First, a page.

Further modelling work, exploring all sorts of vaccination orders, support what these charts suggest: the strategy that was actually adopted appears close to optimal as far as deaths are concerned. Only when you look at the total number of hospital admissions over the longer term (after the wave due to Alpha and including the Delta wave) does this simple strategy become suboptimal: during those later stages we may have seen fewer hospital admissions had we switched to a strategy that generates a broad level of immunity across the entire population.
All this confirms what your intuition may have already suggested to you. When there is a lot of infection in the population, as there was in late 2020 and early 2021, vulnerable people need to be protected quickly, there is no time to wait for a vaccination strategy that prioritises people who drive transmission to become effective. If, however, the level of infection in the population is low, first offering the vaccine to high transmitters may pay off.
More generally, there isn't a single vaccination strategy that's optimal for all diseases in all situations. A lot depends on the characteristics of a disease and any vaccines, the make-up of a population and the range of ways individuals respond to an infection, and what phase of an epidemic you're in.
Other factors are also important. For example, the strategy recommended by JCVI had the advantage of being easy to understand. Had we been presented with a confusing array of instructions as to who should be vaccinated when, fewer people may have gone to get the jab.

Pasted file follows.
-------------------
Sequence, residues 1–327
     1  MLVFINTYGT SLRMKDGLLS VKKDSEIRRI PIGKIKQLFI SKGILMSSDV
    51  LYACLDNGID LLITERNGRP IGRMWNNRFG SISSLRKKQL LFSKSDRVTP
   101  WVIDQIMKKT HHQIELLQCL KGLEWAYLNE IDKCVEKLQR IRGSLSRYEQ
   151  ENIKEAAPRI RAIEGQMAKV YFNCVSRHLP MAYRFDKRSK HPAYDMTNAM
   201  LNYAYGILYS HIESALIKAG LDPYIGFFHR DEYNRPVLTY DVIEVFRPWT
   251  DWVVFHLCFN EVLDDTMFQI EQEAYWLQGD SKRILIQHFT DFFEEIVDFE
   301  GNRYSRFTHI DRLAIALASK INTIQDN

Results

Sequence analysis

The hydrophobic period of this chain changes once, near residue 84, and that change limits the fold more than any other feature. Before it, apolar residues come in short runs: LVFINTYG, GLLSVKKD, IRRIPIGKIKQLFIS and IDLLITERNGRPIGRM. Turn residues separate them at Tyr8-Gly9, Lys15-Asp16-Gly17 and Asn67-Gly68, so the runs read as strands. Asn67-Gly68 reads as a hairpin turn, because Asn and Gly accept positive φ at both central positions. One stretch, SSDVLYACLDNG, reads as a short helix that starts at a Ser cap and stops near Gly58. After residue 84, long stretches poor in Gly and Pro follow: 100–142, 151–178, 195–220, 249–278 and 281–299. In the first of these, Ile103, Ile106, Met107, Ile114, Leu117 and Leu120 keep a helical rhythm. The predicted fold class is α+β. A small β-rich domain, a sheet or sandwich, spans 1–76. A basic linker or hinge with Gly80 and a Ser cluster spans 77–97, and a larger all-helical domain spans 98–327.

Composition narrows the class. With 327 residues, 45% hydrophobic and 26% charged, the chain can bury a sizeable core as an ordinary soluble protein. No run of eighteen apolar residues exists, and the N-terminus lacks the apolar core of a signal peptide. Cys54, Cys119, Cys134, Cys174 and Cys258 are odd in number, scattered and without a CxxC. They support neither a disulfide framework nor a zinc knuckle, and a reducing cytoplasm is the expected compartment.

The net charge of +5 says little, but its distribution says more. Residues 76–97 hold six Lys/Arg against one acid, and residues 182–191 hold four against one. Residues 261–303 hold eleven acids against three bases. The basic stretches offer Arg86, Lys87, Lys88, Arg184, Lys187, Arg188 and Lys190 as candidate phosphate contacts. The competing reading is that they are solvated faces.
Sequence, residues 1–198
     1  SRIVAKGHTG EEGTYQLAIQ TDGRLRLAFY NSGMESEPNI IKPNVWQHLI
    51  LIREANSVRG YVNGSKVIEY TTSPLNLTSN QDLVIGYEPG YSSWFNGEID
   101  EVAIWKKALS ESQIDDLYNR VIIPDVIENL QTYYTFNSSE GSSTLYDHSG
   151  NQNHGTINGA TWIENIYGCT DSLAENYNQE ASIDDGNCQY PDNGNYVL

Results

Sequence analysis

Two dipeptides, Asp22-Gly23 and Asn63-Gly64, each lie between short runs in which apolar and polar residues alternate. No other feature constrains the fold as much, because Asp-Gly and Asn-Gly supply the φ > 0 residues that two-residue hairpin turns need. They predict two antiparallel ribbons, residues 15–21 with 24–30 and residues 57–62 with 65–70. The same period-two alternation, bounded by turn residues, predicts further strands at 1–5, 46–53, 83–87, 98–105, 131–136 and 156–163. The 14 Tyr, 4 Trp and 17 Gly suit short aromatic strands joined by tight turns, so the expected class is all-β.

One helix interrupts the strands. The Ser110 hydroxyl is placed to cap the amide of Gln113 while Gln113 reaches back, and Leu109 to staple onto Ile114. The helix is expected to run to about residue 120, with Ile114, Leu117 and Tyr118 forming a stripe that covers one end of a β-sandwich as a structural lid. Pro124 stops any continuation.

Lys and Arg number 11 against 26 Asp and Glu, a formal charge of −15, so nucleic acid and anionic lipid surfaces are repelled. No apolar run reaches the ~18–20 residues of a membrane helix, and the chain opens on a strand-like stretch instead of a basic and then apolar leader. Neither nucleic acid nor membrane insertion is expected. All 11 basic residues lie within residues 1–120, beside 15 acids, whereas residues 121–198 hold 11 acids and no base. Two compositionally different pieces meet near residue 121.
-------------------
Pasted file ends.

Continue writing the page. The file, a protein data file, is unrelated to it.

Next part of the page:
Reality is more complex than any model
Like all mathematical models, the one employed by the JUNIPER researchers is a simplification of reality based on a set of assumptions that may only be an approximation to real events. For example, the team assumed that for all four scenarios they investigated, people's behaviour would be the same as it was in reality: people would display the same level of caution about catching the disease as they did in reality, and the vaccine uptake in each age group would also be the same.
That's probably not how things would have turned out. For example, if younger people had been vaccinated first, and deaths and hospital admissions had remained high as a result of not protecting the vulnerable, then people might have changed their precautionary behaviour, and the vaccine uptake in the age groups offered the vaccine may also have been different.
A good thing about the adopted vaccination strategy in the UK was that is was easy to understand. Photo: KY Chow, CC BY-SA 4.0.
It's crucial to be aware of the limitations of a model and the uncertainties within its outputs. These outputs are never certain predictions of what's going to happen or, in this case, what would have happened. They can, however, be seen as extremely sophisticated guesses that take into account a web of factors and a range of information so wide and complex that only the mathematical approach will do.
All things considered, the JUNIPER team believe their modelling work gives good evidence that the decisions taken by JCVI were the best that could have been made at the time, and were a robust, workable and simple test of priorities. "Public health decisions often have to be made on the basis of limited data and therefore need to be as robust as possible to potential changes in scientific understanding," they write in their paper.
"The advice given by JCVI in late 2020 and early 2021, was based on very limited data about vaccine efficacy against the newly emerged Alpha variant, and with no knowledge of the forthcoming waves of infection or the waning of protection [provided by the vaccines]. Under such conditions a simple yet precautionary strategy is optimal, rapidly providing broad protection to those individuals that need it the most."